SAN DIEGO — It was a nightmare, the kind that causes you to leap out of bed in a cold sweat and spend the rest of the night eyes wide open, too scared to fall back to sleep.
The Washington Nationals were, without a doubt, headed to their fifth straight win, one that would have continued their frantic push to get back in the thick of the National League wild-card race.
All they needed were three outs. With a five-run lead in hand.
How that scenario morphed into a 8-5, 12-inning loss to the San Diego Padres late last night is almost impossible to believe. Suffice it to say, it was by far the most-crushing defeat the Nationals have suffered this season, and it was hard not to question manager Frank Robinson for putting his club in a position to allow this to happen.
Khalil Greene’s grand slam off closer Chad Cordero with two outs in the ninth was the defining blow — it improbably tied this game at 5 and sent it even later into the night. Ramon Hernandez won it with two outs in the bottom of the 12th, crushing Jon Rauch’s first pitch into the left-field bleachers for a three-run homer that sent the crowd of 37,707 at Petco Park into pandemonium.
It was the first time in 69 games that the Nationals (77-72) lost a game they once led by four runs, a streak that dated to June 1, 2004 and was the longest in baseball.
More importantly, it dropped them to 3 games back in the NL wild-card race with 13 to play.
Cordero will be tagged with the goat label for allowing Greene’s grand slam, but truth be told, he never should have been in position to blow his seventh save of the year (second in a week). That he even found his way into this game underscores how tightly Robinson managed the ninth inning, unwilling to allow three different relievers the chance to finish off a game that was all but won.
The events of that inning were almost incomprehensible. When it started, the Nationals led 5-0 and showed no signs of giving it away. Rookie reliever Jason Bergmann was on the mound, needing to record just three outs to make this one official.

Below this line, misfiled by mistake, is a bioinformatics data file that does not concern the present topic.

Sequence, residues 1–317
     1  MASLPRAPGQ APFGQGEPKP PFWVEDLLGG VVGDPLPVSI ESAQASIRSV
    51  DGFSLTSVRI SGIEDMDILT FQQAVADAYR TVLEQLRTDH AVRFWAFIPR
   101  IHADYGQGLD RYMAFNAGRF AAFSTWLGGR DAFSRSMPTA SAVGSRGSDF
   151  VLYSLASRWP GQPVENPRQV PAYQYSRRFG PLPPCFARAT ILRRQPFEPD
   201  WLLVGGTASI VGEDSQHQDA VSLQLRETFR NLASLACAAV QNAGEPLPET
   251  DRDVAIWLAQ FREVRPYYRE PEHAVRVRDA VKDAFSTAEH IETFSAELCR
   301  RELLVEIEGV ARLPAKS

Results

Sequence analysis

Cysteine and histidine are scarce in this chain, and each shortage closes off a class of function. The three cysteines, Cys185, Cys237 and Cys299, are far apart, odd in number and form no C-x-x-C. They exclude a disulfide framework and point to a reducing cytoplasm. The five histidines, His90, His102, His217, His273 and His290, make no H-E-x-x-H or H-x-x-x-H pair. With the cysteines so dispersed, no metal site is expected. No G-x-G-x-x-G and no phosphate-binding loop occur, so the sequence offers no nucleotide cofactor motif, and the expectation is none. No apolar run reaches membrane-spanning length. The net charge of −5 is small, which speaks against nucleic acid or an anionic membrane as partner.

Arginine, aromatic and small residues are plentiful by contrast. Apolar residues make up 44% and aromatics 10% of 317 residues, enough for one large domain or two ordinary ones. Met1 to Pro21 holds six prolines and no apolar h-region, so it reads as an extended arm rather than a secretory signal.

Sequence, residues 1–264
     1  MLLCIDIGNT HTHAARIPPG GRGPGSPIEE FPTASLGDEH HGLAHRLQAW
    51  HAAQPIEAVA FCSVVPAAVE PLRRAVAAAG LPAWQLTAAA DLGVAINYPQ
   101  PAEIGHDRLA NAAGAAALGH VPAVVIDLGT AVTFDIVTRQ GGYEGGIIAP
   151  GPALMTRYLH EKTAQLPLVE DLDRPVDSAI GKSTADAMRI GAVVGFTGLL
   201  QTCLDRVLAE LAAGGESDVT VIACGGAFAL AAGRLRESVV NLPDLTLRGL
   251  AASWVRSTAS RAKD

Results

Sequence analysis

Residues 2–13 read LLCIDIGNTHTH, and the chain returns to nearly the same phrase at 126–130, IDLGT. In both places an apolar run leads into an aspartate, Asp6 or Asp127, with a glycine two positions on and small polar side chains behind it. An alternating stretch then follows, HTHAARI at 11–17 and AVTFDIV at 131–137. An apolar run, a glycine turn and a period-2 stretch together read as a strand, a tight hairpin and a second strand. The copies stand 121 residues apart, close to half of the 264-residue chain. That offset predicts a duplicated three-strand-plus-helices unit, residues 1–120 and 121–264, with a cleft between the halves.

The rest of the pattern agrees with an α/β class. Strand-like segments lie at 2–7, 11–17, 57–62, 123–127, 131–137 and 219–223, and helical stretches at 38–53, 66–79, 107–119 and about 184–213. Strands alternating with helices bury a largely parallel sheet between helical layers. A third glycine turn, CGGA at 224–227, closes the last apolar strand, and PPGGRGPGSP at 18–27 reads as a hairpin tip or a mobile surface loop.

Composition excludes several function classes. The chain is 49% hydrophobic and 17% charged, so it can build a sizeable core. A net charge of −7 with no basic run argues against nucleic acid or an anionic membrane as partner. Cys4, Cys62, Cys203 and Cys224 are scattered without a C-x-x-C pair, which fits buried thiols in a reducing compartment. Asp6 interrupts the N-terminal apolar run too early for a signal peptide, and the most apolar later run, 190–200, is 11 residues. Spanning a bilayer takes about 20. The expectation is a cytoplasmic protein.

But he surrendered a leadoff walk to Eric Young before striking out Ramon Hernandez, and that’s when Robinson decided to start managing as though the lead was one run instead of five. So in came left-hander Joey Eischen to face Brian Giles as Robinson played match-up.
Eischen did his job; he got Giles to hit a fly ball for the second out, and though he then gave up a single to pinch-hitter Xavier Nady, things still looked well in control.
Not in control enough for Robinson. He marched out to the mound and signaled for righty Travis Hughes to face Joe Randa. Result: Base hit, RBI, 5-1.
Suddenly, this was a save situation — the tying run was in the on-deck circle — so Robinson summoned Cordero. Who knows what was going through the 23-year-old’s mind at that moment, whether nerves got the best of him or he simply failed to execute, but he walked Mark Loretta to the load the bases and — gulp — bring Greene to the plate with a chance to tie the game with one swing.
Cordero threw his first pitch for a ball, then grooved his next and watched in horror as Greene sent it sailing over the left-field fence for the game-tying homer.
Just like that, all that preceded it was rendered moot.
Reliever-turned-starter Hector Carrasco gave the Nationals six brilliant innings of shutout baseball, only to see it go to waste. He was buoyed by a well-balanced offensive attack that produced single runs in five different innings.
Nick Johnson started things off with a second-inning homer to left. The opposite-field solo shot landed on the second-story balcony of the old Western Metal Supply Co. warehouse that has been incorporated into this new ballpark, a surprisingly powerful blast.
The Nationals made it 2-0 in the third, thanks in no small part to their newest hottest hitter, none other than Cristian Guzman. The light-hitting shortstop continued his recent upswing, beating out a slow roller down the first-base line, then successfully stealing second despite the fact that the Padres pitched out (catcher Ramon Hernandez’s throw sailed into center field).
The good luck continued for Guzman. He inexplicably bolted for third when Brad Wilkerson grounded right in front of him, yet eluded Joe Randa’s tag. That allowed him to score moments later on Jose Vidro’s sacrifice fly to center.
Guzman scored Washington’s third run of the night in the fifth, drawing a leadoff walk and then ultimately scoring on Jose Guillen’s single to left — a big hit for the slumping right fielder, who had been in a 7-for-46 slump. Preston Wilson’s 24th homer of the year — a sixth-inning solo shot to center — made it 4-0, and Johnson’s RBI single in the seventh made for the icing on the cake.
Or so everyone thought.